At 11/10/2009 11:11:00 am, Anonymous Claudio Cossio said...

This is great inspiration Saul.

I appreciate all the insight you have written and I expect to see SCII grow beyond European borders.

Or at least interact with partners from outside Europe, making connections specifically for LATAM.


This is the event we talked about in FOWA

At 11/10/2009 12:18:00 pm, Anonymous Sean said...

As a founding investor in Seedcamp, I can only congratulate Saul and Reshma on the terrific job they have done. Having been intimately involved in a number of 'consortium-backed' initiatives/firms over my career, I can think of very few who have managed to succeed in their mission while balancing the (necessarily varied and sometime conflicting) interests of the stakeholder; seedcamp is one of these.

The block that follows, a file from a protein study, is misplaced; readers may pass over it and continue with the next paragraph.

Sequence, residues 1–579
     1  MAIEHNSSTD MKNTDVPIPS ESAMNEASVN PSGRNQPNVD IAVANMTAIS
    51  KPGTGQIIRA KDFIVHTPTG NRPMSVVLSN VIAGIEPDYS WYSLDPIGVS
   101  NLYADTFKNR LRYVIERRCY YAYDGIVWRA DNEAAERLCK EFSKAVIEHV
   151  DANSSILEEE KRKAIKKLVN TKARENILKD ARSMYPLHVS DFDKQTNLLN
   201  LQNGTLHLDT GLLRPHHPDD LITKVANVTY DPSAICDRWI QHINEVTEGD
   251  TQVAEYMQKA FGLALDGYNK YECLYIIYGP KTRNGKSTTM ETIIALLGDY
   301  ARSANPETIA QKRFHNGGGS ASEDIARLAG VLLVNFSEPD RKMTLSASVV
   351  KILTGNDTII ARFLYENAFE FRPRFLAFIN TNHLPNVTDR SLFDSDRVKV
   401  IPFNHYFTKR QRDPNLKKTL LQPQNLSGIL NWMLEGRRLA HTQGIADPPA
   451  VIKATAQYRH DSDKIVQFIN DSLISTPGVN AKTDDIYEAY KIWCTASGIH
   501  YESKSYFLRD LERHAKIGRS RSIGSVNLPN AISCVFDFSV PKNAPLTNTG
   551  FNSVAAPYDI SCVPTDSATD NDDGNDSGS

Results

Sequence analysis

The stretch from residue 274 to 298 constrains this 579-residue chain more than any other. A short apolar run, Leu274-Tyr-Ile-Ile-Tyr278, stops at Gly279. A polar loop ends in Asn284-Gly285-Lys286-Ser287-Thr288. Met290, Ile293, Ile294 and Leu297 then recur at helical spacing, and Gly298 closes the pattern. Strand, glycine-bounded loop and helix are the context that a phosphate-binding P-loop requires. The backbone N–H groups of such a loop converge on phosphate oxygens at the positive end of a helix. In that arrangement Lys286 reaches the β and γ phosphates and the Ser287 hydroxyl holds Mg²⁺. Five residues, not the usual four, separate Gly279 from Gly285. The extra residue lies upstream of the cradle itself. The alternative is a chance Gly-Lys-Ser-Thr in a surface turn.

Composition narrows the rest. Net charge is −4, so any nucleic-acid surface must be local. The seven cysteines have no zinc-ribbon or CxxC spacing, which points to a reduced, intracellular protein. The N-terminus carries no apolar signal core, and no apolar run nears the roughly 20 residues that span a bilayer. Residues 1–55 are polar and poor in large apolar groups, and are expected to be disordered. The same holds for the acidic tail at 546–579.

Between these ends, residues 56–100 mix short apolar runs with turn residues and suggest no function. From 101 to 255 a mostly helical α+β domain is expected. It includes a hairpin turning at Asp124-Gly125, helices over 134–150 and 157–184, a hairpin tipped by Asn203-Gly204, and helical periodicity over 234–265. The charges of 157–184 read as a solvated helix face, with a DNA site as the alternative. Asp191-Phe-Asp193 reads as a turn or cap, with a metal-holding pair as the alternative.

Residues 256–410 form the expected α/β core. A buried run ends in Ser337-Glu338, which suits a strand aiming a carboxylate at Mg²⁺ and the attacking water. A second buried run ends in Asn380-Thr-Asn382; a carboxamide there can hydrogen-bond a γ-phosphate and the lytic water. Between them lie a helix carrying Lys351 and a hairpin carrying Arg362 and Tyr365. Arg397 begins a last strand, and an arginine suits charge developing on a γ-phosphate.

As everyone involved in entrepreneurship knows, (good) ideas are necessary but not sufficient; execution is (almost) everything. The seedcamp team - and in particular Reshma and Saul - made an interesting idea a real venture. It's an achievement they should be proud of.

At 11/10/2009 01:10:00 pm, Blogger Unknown said...

Love the way you shine a light on the practical realities of the SC launch. No magic wand waving, just a lot of blocking and tackling, hard work, dedicated smart capable experienced people with a passion for fueling the fires of the entrepreneurial spirit. Thanks for sharing! Looking forward to seeing more

Elise Howes, Denver Colorado, USA